The other holdings are mini-ETFs (for example, 11 REITS that I treat as 1 diversified company).
The remainder, ~14 companies, (examples include: Ambev, CAT, DE, DVN, MUR, MRO) are ones I will slowly sell of and re-invest into my core holdings.
As of May 1, 2016 (aged 57 years) I have retired and live off my dividends.
My profile picture is an actual picture of me and 3 of my siblings from 1967. My youngest brother had not yet been born. I was 5, my brother was 4 and my sisters were 3 and 2.
I have been a software engineer developing applications in various fields for over 30 years. I began investing in mutual funds for my 401(k) back in 1988.I started investing outside of my retirement account a little over 17 years ago. I used to follow a value oriented strategy, but after I saw how that worked less well than I liked during the financial crisis, I began to switch over to a more income based approach.
I had always thought that dividends were important but didn't have a systematic way to evaluate stocks that paid them until I found SA and DGI. Starting around 2010, I have switched my portfolio to a DGI strategy.
One of my most profitable picks turned out to be Freddie Mac, which I originally chose because I liked the dividend and because I once worked there. When it first ran into problems I increased my holdings because it still looked like a good value to me. I eventually managed to buy several thousand shares at a cost of $0.50 (I knew that was a good value) and eventually exited the stock at a price that was $5 a share above my average share cost.
My biggest miss was when I sold out my 100 shares of Apple shortly after Steve Jobs returned but before he had done much to improve the companies outlook. My holdings include : CCP CMI DLR EMR LTC GIS JNJ KMI KO MCD MO MSFT O OHI PG T VGR WEC XOM
BSEE The Cooper Union, school of engineering 1966 Engineering manager Harris corp. 23 years Software development, Grumman Corp. 10 years Manage my own IRA accounts in retirement for over 24 years with a CAGR of 10.8%
I'm an individual investor focused on dividend paying stocks, IPOs and index investing. My goal is to retire by age 55, one year before my Dad retired. Read more at www.RetireBeforeDad.com.
A few years ago, I was looking through my 401k statement and noticed a rather glaring reality – the mutual funds that I had the option to invest in were all underperforming their peers, while dwarfing their expense ratios.
I had the sneaking suspicion that I could do better myself. And I have largely been right. However, with three kids now five and under, I simply don’t have the time to study technicals and look for golden crosses or reverse head-and-shoulders. What I really needed was a portfolio which could handle a largely hands-off approach. And so I have started the journey to make my portfolio focused on an ever-increasing income stream (usually called Dividend Growth Investing), rather than an overwhelming focus on percentages ("Income pays the bills; percentages don't"). And since I am 37, I have the time horizon needed to make this compounding approach really work for me.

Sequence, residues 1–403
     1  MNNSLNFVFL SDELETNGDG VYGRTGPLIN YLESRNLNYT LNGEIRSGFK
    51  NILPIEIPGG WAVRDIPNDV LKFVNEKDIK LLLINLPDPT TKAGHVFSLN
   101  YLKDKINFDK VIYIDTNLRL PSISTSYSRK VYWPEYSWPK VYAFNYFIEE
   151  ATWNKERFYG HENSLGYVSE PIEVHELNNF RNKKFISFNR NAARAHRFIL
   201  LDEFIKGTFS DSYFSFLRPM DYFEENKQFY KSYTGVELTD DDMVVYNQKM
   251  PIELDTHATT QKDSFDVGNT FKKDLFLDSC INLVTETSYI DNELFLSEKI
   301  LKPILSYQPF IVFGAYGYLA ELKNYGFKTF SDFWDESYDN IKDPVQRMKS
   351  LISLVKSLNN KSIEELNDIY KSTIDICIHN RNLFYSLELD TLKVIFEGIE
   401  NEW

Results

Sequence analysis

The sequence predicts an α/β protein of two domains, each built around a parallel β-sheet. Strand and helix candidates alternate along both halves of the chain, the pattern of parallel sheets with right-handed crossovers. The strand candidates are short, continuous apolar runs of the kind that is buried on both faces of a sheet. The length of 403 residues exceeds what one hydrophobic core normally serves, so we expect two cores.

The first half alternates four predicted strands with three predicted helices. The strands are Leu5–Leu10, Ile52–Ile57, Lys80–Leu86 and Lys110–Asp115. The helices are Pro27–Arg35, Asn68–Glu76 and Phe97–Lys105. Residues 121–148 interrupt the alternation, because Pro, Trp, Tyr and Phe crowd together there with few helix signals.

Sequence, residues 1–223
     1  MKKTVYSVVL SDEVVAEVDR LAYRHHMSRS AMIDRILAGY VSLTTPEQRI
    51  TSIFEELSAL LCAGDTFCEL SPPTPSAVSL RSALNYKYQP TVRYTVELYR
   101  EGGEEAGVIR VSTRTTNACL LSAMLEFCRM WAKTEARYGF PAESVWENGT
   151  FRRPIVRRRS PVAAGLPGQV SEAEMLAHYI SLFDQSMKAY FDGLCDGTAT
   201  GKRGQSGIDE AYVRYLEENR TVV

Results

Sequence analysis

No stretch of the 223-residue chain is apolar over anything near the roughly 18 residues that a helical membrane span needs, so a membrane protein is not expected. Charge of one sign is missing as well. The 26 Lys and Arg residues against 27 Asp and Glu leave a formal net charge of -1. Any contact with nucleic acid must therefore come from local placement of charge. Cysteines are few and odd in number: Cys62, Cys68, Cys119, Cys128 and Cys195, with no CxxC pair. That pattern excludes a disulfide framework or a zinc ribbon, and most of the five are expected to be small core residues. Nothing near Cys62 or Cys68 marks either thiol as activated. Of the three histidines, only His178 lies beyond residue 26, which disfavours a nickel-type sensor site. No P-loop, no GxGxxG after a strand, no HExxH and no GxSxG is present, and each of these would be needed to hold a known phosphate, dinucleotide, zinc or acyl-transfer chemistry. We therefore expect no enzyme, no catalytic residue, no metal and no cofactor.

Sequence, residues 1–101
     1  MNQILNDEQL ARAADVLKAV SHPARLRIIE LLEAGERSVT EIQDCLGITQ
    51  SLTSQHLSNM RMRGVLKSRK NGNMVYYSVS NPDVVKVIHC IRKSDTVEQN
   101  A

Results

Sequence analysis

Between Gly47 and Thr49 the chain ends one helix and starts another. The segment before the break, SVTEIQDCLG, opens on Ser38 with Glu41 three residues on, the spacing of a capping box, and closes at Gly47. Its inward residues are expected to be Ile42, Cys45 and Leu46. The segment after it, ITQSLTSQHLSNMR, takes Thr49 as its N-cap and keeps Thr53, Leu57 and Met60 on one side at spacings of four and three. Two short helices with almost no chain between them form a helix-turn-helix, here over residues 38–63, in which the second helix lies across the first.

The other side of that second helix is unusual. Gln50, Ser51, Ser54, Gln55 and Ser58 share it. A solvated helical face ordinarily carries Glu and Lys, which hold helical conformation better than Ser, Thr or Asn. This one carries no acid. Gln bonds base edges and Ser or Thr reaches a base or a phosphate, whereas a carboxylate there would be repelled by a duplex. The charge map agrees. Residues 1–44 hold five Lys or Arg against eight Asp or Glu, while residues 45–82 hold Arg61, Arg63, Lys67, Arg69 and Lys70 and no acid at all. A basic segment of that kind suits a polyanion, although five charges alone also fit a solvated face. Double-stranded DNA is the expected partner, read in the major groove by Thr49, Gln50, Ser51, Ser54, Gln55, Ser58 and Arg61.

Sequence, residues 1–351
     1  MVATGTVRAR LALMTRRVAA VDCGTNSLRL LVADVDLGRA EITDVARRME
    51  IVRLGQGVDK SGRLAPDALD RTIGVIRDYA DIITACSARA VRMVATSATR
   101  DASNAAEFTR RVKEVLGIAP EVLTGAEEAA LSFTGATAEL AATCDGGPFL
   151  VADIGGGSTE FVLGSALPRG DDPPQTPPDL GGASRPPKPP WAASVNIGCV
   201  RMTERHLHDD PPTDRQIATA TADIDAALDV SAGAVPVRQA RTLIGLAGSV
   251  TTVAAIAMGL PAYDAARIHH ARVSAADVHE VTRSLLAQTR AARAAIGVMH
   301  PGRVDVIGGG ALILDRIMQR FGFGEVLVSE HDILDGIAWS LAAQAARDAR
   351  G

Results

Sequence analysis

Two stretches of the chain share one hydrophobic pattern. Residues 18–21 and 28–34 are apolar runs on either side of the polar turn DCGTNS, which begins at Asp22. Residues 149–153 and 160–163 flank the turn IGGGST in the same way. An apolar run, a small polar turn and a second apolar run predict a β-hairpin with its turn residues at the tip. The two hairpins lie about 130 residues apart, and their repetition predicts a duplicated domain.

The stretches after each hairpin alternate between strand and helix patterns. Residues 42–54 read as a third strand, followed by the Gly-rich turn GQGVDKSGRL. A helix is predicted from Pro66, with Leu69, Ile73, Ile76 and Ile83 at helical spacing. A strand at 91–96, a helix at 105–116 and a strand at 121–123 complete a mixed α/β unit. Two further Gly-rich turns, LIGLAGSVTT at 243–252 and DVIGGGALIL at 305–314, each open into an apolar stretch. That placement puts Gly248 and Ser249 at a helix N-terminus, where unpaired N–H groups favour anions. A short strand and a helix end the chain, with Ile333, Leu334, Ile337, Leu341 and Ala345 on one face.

The moves I make and the portfolio I share is real. Here’s what I hold as of 7/11/16:
CLDT - cost basis $21.85; CVX – cost basis $105.27; F - cost basis $12.87; GILD - cost basis $82.87; HSY - cost basis $92.76; JNJ – cost basis - $99.27; LTC - cost basis $46.45; MSFT – cost basis - $35.50; O – cost basis - $45.50; OXY – cost basis - $80.38; PH – cost basis $115; SO - cost basis $49.00; STAG - cost basis $16.86; WFC - cost basis $45.45.
I don’t have the time or see the point in having a “model” portfolio, because nothing about a model portfolio ultimately matters. As a result, every word of my writing here is based on what I really do with my real money in my real portfolio(s).
If you follow me, you will get my efforts to find high-quality companies (whether hidden or in plain sight) to own, updates and rationale for all the moves I make, as well as rearview analysis on my life as an investor – what I have learned and the mistakes I have made – so that you can avoid making them as well. All of this without having to whip out your credit card.
Join me, won’t you? I wish you good luck and great investing!